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The concept of prepayment for goods or services embraced in the Philippines several decades ago through “gift certificates” which served as “cash vouchers issued by, purchased from, and accepted as, payment for goods sold in department stores, supermarkets and other retail establishments”, according to Yap.

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“Today, the prepaid concept has permeated almost all spectra of commercial transactions. With the use of the technology of storing of monetary values in common prepaid cards, goods and services can now be prepaid, including public utility services, restaurants, cable or satellite television, internet service provider, highway toll fees, medical and even other professional services,” he added.

The prepaid service becomes prominent in the telecommunications sector, citing that “in the late 1990’s when the telecom companies suffered from what is then referred to as “subscription fraud”, resort was made to the use of selling of prepaid cards instead of the then usual post paid or plan based subscription”.

“Today, more than 95 percent of the income of the telecom company giants, arguably the biggest income earners in the country, are from prepaid subscribers.  Out of the estimated 70 million combined mobile phone subscriber base of the three telecom companies, less than 2 million are postpaid subscribers,” according to Yap.

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He added that one of the country’s largest telecom firm confirmed in its financial statement for the first quarter this year, the adherence to the business model of preference for prepaid subscribers.

Yap cited the financial statement which stated that “The predominance of prepaid service reflects one of the distinguishing characteristics of the Philippine cellular market. The growth in our prepaid service has enabled us to increase and broaden our subscriber base rapidly while controlling credit risk and reducing billing and administrative costs on a per subscriber basis.”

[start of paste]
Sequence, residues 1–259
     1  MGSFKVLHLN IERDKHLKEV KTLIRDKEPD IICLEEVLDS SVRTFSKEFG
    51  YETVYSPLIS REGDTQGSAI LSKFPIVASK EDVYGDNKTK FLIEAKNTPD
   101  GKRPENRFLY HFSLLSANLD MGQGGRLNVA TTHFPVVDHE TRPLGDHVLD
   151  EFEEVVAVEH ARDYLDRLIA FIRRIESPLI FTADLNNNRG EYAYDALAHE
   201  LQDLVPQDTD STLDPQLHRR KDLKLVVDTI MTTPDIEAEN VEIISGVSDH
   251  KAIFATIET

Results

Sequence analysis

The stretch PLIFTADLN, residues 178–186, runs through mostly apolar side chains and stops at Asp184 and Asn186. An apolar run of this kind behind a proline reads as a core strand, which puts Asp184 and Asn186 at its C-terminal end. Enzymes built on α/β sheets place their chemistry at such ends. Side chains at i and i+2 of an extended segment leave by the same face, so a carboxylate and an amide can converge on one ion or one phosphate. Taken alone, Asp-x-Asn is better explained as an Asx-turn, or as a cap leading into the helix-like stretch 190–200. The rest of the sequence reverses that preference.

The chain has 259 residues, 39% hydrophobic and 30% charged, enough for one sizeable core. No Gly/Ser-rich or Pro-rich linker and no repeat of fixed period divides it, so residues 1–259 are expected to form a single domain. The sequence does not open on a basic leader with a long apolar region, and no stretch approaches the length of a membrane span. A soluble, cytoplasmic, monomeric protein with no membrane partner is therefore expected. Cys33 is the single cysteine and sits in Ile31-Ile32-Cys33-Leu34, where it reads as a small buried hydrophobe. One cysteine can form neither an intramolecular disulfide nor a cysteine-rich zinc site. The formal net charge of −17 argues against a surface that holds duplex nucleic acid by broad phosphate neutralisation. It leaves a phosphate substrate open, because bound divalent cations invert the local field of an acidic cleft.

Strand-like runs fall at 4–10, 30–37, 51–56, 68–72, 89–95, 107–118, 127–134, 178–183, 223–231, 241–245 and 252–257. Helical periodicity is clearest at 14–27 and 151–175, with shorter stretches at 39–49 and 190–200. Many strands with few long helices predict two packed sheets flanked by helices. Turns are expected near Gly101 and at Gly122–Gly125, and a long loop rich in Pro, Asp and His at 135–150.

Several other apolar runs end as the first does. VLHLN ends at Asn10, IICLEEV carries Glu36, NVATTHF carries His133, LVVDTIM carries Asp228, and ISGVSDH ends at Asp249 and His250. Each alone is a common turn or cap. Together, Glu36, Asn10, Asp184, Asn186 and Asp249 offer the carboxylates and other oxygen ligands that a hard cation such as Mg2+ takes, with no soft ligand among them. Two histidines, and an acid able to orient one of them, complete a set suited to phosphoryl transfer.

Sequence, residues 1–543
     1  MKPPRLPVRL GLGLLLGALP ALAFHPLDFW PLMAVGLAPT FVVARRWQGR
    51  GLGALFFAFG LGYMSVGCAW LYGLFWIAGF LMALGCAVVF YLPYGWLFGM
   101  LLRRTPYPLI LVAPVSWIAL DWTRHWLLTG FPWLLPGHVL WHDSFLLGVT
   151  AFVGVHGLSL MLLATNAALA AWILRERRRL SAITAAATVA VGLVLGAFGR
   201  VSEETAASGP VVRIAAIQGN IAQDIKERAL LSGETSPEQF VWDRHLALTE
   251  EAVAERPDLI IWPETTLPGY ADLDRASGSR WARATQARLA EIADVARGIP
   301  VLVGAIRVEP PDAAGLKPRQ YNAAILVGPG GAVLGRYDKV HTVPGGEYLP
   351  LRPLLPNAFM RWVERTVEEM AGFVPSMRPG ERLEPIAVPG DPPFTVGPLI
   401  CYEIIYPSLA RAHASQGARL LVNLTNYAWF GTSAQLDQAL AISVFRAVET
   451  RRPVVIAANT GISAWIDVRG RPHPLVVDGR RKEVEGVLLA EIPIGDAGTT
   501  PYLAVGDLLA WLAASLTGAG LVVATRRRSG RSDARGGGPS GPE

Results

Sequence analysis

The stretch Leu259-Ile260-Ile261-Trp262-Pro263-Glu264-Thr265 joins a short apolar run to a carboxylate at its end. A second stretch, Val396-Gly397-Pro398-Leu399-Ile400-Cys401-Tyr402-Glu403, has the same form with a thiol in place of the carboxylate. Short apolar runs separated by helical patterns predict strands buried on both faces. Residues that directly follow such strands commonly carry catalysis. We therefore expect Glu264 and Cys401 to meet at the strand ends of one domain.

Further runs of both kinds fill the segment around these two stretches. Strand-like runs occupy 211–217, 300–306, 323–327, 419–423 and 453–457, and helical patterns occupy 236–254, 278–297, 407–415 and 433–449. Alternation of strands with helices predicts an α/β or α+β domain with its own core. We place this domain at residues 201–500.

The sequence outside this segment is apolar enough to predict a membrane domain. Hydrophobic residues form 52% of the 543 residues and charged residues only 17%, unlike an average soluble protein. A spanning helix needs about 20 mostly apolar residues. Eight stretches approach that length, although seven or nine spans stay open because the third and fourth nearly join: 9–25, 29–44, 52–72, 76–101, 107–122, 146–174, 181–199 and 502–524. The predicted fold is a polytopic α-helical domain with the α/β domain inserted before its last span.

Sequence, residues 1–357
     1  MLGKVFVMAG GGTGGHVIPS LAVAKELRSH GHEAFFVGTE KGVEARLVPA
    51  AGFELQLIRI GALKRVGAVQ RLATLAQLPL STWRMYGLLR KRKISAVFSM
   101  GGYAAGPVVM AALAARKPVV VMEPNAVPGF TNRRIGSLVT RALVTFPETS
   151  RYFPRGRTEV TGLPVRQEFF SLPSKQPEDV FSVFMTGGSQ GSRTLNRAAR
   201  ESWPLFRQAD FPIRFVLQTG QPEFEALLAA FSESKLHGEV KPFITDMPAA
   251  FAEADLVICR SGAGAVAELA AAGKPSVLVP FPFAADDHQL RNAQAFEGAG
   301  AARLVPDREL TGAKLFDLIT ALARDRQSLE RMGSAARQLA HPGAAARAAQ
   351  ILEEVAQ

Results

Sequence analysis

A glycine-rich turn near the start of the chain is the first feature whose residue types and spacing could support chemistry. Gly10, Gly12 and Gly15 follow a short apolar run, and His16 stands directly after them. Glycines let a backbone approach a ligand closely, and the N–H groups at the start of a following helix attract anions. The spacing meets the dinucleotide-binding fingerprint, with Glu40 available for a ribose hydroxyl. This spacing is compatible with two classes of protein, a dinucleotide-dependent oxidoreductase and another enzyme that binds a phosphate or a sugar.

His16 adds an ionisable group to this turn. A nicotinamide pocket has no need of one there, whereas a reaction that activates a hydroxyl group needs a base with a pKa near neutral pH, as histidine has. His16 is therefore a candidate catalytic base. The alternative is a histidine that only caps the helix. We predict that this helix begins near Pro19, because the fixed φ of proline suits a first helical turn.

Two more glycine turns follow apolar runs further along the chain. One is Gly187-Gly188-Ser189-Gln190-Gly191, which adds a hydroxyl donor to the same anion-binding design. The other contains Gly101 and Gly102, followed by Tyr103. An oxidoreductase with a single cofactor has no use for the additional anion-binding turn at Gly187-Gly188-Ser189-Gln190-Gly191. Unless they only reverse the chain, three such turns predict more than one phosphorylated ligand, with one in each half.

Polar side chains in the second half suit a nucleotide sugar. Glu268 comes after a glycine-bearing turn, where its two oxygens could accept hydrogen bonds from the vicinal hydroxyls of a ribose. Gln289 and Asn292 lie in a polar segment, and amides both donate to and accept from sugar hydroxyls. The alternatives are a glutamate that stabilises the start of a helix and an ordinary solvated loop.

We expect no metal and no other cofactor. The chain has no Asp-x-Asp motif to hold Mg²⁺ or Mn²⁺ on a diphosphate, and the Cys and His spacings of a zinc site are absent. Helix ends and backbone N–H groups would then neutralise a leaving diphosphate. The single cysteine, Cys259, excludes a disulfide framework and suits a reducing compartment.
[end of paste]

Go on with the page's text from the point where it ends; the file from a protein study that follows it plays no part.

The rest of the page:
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In his proposed “Prepaid Expiration Prohibition Act of 2016”, Yap pushed for the prohibition of the imposition of expiration of prepaid cards, certificates or other devices of prepayment of goods and services, and providing penalties for violations.

In his Bill, Yap proposed that it be declared a State policy “to protect and empower consumers, reform the unprincipled business practices of big establishments”.

It is proposed that “the imposition of an expiration of the date to use a prepaid device is hereby prohibited…and the refusal of an establishment to honor a prepaid device due to its expiration shall likewise be prohibited”.

In is proposed that any goods or services provider who shall be found guilty of violating it when it becomes a law shall be punished with imprisonment ranging from 30 days to six months or fine ranging from P1,000 to P10,000 or both for first offense; imprisonment ranging from six months and one day to two years or fine ranging from P20,000 to P50,000, or both for second offense; and imprisonment ranging from two years and one day to six years, or fine of ranging from P100,000 to P500,000 or both for the succeeding offense.

“If the establishment is a juridical person, the penalty of imprisonment shall be imposed against the responsible officer”.